Summation Sign

Many times in statistical work it is necessary to add a set of scores. For instance, suppose the sum of the following ten numbers is needed: 76, 83, 41, 96, 38, 71, 87, 39, 66, and 99. Their sum can be denoted as

12

76

83

41

96

38

71

87

39

66

99

but that takes up too much space, and so simplification is needed. First.Jet X, stand for 76, X2 for 83, and so on. The sum of the ten numbers can be represented by

x, +

X2

+ X3 + X4 + Xs + X6 + X7 +

x,

+ X9 + XJO

2: Xi i=l

which is read as the sum of the X's. The symbol E is called a summation sign. The terms below (i = 1) and above (n) the summation sign mean that the X •s are summed from Xl to Xn. The terms i = 1 and the n that are below and above the summation sign are generally omitted and implicitly understood when the intent is to add all of the numbers in the set. The symbol 2: is a Greek capital letter sigma which sounds like an "s." The first letter of sum is an "s," and so a Greek "s" is used to stand for sum. The symbol 2:X is read as "sum all the X;s." One basic theorem for summation signs is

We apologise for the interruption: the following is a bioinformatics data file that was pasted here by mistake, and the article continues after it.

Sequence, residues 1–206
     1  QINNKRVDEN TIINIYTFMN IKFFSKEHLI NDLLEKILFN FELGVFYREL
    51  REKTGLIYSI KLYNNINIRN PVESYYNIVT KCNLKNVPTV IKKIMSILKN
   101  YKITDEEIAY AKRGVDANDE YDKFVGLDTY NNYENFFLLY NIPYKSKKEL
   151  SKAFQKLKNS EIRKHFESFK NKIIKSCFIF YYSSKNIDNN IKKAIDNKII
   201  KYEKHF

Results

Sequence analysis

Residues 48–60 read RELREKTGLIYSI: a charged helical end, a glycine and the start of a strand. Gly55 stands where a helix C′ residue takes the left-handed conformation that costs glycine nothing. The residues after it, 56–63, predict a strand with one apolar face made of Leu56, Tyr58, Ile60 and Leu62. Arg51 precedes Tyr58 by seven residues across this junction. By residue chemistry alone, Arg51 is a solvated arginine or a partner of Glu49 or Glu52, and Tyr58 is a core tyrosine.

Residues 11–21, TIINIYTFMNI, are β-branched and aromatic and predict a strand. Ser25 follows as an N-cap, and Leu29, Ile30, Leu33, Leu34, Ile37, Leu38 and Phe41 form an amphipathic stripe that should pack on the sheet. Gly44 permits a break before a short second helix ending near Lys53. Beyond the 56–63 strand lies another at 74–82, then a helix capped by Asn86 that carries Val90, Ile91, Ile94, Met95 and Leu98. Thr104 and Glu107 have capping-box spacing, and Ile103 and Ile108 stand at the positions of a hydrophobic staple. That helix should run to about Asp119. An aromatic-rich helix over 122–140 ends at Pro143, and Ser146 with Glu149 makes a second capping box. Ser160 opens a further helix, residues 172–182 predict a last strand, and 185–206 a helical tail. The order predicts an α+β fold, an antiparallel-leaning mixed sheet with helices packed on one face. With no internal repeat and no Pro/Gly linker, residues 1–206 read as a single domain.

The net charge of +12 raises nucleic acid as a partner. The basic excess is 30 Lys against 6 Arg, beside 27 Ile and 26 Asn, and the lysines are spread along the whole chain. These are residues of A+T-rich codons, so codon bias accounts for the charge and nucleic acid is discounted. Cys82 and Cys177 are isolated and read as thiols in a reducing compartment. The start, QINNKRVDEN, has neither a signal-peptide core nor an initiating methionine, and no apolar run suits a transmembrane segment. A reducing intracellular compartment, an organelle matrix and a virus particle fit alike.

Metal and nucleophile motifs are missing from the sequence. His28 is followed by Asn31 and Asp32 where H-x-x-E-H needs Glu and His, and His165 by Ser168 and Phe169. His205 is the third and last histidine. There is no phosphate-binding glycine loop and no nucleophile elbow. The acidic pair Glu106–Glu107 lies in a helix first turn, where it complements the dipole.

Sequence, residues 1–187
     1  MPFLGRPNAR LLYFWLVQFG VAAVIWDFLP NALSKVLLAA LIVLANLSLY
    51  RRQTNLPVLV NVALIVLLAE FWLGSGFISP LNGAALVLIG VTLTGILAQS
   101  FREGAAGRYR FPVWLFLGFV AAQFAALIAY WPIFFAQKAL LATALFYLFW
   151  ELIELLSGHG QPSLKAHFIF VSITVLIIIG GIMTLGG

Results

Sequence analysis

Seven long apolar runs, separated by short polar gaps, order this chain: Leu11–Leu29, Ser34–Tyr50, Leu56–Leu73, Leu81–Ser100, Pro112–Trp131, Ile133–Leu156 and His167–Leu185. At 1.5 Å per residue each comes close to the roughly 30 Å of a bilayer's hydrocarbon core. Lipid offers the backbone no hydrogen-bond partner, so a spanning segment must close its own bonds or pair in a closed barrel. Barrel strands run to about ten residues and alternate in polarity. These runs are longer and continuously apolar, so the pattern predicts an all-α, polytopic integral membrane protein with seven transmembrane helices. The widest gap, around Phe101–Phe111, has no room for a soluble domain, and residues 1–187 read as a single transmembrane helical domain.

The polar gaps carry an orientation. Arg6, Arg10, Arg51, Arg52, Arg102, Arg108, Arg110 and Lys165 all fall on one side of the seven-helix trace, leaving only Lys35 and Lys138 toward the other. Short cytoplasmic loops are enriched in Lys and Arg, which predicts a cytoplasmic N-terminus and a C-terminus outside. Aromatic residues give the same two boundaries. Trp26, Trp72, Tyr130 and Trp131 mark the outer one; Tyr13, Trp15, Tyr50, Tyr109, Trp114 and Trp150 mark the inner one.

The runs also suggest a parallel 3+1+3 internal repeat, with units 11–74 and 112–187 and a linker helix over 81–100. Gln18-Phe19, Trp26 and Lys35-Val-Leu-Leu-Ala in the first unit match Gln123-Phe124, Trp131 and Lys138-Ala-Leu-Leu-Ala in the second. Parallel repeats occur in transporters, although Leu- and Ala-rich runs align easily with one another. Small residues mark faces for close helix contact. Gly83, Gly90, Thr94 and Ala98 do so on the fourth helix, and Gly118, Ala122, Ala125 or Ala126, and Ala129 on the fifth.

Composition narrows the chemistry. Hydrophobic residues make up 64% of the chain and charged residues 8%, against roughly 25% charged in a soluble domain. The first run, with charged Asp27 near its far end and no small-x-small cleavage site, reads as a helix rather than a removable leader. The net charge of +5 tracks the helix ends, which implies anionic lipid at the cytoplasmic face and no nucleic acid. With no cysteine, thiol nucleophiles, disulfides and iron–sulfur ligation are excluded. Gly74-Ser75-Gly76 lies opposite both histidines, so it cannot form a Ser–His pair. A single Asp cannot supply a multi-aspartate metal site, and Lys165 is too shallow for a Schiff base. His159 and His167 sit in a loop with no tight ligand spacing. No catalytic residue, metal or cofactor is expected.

Lk

nk

where n is the number of terms that are summed and k is a constant, such as 2.0. In words, summing a constant n times equals n times the constant. A second theorem is

L (X

Y)

2:X

LY

In words; sum of the sums of two sets of numbers equals the sum of the sums of the sets added separately. It is easy to verify the truth of this theorem. Consider the scores of four persons on the variables X and Y:

Person

1 2

X 9

3

4 Total

J8"

13 6 10

Y 12 11

x+r

21 15

18

24

9 40"

8

7&

The sum of the X's or U equals 38, and the sum of the Y's or 2:Y equals 40. It is then true that IT + 2:Yequals 78. The sum of X + Y also equals 78. It is important that 2:X2 be clearly distinguished from (Uf. The term ll2 is the sum of the squared numbers: square first, then sum. The term (2:Xf.l is sum of all the numbers, which is then squared: sum first, then square. So if the set of numbers is 4, 7, and 9, D:"2 equals 16 + 49 + 81 or i46, and (2:X)2 equals (4 + 7 + 9)2 or (20f or 400.

Introduction

13

The analysis of data is aided by the use of a calculator, and it has become indispensable tool in statistical work. Even with the increasing availability computers, a calculator remains a very important tool in data analysis. calculator eases the burden of tedious computation. Before purchasing calculator you should consider the following facts. an of A a